In mid-sentence Andrew Young paused.
The former preacher, U.N. ambassador, congressman, Atlanta mayor, Civil Rights movement leader and Olympic organizer had just delivered a 30-minute history lesson Monday morning in the Columbus Convention & Trade Center.
He was the keynote speaker at the annual Black History Observance breakfast in Columbus. It was interesting because much of the history Young talked about he also witnessed and helped write.
But without warning, Young stopped near the end of his talk.
"It's not black history," he said. "It's American history, and it's world history."
We get in trouble when we start putting labels on things that need no labels.
The rulings by federal judges that paved the way for the demise of segregation -- the marches, the bombings, the boycotts and the voter-registration drives -- are all American history, and should be treated as such.
We should all march into the future with a grasp of history.
Without history, we are doomed to repeat the mistakes of the past. Be weary of those who want to rewrite history.
Young made an interesting point when he recounted a conversation he had with President Jimmy Carter. And it had to do with the history of civil rights -- here and elsewhere.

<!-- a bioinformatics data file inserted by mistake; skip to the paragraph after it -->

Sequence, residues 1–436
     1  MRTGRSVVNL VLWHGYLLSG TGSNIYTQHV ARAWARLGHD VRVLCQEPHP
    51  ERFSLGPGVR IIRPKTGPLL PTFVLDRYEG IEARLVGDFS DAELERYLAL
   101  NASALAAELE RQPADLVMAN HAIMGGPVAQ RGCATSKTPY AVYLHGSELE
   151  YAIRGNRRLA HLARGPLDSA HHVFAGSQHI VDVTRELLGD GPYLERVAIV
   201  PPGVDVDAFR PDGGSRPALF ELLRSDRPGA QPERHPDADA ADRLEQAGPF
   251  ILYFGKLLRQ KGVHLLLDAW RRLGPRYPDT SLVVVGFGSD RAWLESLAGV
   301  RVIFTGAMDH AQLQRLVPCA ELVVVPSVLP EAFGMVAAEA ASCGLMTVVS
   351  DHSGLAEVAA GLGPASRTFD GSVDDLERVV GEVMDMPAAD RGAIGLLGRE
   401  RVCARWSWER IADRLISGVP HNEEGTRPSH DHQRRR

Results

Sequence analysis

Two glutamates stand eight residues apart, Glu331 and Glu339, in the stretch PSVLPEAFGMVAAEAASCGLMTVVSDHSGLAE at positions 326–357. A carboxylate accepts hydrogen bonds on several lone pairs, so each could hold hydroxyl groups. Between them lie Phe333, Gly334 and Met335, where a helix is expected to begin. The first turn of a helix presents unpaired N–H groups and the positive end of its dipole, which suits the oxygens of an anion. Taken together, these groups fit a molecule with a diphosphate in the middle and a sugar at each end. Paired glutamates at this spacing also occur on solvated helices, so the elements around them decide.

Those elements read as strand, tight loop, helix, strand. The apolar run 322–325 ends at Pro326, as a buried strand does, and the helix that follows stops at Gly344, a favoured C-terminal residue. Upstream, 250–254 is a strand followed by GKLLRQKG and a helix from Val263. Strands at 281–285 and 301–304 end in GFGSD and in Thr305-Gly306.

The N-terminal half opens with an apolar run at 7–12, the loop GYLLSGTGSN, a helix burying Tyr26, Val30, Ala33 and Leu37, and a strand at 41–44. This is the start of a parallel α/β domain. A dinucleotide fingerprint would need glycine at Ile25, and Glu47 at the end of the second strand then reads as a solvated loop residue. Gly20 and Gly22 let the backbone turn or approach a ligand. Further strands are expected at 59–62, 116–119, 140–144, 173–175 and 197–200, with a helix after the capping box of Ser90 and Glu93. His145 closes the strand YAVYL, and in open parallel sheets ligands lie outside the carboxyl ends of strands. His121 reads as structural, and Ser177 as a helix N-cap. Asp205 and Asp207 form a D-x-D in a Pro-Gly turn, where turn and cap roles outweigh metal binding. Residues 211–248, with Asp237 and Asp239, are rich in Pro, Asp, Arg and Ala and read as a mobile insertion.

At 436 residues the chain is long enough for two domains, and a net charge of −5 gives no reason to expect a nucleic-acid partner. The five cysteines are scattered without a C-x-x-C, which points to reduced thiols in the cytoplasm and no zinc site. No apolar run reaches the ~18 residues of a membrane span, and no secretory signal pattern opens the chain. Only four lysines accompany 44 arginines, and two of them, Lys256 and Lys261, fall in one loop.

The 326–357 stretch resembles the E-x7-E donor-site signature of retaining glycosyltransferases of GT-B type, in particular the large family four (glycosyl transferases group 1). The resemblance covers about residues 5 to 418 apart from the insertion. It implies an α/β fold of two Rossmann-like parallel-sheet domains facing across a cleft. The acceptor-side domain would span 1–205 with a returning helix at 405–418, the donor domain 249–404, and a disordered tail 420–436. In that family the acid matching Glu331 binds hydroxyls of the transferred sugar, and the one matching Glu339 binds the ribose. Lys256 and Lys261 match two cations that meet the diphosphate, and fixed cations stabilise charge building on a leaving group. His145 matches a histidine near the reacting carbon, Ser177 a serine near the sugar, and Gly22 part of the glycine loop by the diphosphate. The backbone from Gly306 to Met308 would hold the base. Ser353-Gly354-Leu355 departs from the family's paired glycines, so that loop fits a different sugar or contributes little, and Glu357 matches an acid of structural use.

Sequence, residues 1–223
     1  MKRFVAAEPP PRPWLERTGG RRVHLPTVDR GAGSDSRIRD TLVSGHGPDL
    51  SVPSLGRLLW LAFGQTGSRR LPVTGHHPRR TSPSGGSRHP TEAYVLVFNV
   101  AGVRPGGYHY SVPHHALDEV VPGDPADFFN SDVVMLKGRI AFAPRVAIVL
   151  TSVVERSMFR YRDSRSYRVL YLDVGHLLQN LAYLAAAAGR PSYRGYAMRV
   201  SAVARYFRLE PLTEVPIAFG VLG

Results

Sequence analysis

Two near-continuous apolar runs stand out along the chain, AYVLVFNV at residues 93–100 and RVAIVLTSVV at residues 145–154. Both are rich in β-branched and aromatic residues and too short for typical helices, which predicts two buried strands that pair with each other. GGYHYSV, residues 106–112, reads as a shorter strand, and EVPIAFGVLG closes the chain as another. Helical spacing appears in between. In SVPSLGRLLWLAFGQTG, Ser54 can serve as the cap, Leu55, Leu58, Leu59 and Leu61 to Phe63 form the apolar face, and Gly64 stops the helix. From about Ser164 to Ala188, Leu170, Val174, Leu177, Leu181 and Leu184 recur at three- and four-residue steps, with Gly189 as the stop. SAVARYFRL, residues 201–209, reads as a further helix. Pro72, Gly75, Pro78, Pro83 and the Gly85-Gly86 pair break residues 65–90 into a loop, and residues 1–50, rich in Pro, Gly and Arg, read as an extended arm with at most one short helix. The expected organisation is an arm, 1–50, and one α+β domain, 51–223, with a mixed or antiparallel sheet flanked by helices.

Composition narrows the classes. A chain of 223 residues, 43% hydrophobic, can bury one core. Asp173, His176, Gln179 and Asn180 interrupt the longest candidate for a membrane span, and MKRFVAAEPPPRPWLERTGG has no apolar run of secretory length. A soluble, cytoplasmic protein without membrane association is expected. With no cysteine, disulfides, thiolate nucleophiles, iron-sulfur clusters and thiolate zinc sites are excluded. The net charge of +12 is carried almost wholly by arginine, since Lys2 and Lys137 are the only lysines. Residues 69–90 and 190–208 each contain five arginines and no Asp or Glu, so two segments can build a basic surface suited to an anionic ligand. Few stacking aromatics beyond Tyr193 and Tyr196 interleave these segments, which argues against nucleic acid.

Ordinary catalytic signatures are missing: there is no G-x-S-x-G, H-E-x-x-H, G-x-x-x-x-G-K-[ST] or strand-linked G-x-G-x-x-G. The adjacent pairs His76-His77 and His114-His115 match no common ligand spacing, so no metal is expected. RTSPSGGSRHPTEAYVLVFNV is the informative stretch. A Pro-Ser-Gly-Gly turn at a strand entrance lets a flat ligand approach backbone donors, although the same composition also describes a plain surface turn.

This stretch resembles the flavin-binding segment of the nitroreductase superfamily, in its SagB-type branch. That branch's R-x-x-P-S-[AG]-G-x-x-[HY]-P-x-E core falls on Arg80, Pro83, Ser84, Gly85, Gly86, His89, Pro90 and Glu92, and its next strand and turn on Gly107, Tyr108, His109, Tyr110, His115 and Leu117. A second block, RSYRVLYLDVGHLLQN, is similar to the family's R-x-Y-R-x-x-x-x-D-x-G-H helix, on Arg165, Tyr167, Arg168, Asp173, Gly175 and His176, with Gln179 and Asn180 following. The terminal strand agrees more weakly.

They were talking about South Africa and its struggles. Carter, a peanut farmer, Navy officer and son of the American South, indicated he didn't know much about the South African struggle.
"Yes, you do," Young said, drawing Carter back to his personal experiences and history. "It is about racism and poverty."
It's about history.
We should embrace our history -- and learn from it. Which brings us to Phenix City and its checkered past.
For nearly six decades, many of the people from Phenix City have run from their city's history. It's not pleasant to talk about the gambling, prostitution, lawlessness and assassination that helped define the community in the first half of the last century.
But in that history is also the story of good people standing up to evil. There is value in the stories of Hugh Bentley, the sporting goods store owner who led the Russell Betterment Association against the corruption. There is value in the story of Albert Patterson, the Alabama attorney general-elect who was shot to death after he was elected on the platform of cleaning up his hometown.
It is fitting that there may finally be a museum where Phenix City's history -- the good and the bad -- is put into context.
The great value of history is you can -- and must -- put the pieces into context, where all can learn from the triumphs and the missteps.
Let's embrace history. And tell the story accurately for all of those who can learn from it.
Chuck Williams, senior editor for content, email@example.com.